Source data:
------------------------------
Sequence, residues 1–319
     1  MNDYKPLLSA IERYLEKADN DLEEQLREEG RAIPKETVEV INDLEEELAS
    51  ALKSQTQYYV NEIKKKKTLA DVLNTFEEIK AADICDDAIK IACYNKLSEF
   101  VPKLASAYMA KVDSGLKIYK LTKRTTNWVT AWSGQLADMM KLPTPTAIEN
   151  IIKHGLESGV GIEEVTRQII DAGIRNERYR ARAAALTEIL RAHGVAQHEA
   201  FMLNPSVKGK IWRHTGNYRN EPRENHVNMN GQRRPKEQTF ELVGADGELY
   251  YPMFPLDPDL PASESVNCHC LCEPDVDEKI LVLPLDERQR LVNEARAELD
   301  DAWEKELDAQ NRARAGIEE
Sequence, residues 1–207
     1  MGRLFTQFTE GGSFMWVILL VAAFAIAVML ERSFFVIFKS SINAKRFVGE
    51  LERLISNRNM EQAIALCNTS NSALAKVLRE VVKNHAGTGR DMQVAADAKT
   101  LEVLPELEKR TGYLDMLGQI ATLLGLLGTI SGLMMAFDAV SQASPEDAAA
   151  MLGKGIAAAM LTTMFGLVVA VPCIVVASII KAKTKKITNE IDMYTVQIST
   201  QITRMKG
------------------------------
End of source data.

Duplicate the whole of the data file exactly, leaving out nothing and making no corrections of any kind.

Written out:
Sequence, residues 1–319
     1  MNDYKPLLSA IERYLEKADN DLEEQLREEG RAIPKETVEV INDLEEELAS
    51  ALKSQTQYYV NEIKKKKTLA DVLNTFEEIK AADICDDAIK IACYNKLSEF
   101  VPKLASAYMA KVDSGLKIYK LTKRTTNWVT AWSGQLADMM KLPTPTAIEN
   151  IIKHGLESGV GIEEVTRQII DAGIRNERYR ARAAALTEIL RAHGVAQHEA
   201  FMLNPSVKGK IWRHTGNYRN EPRENHVNMN GQRRPKEQTF ELVGADGELY
   251  YPMFPLDPDL PASESVNCHC LCEPDVDEKI LVLPLDERQR LVNEARAELD
   301  DAWEKELDAQ NRARAGIEE
Sequence, residues 1–207
     1  MGRLFTQFTE GGSFMWVILL VAAFAIAVML ERSFFVIFKS SINAKRFVGE
    51  LERLISNRNM EQAIALCNTS NSALAKVLRE VVKNHAGTGR DMQVAADAKT
   101  LEVLPELEKR TGYLDMLGQI ATLLGLLGTI SGLMMAFDAV SQASPEDAAA
   151  MLGKGIAAAM LTTMFGLVVA VPCIVVASII KAKTKKITNE IDMYTVQIST
   201  QITRMKG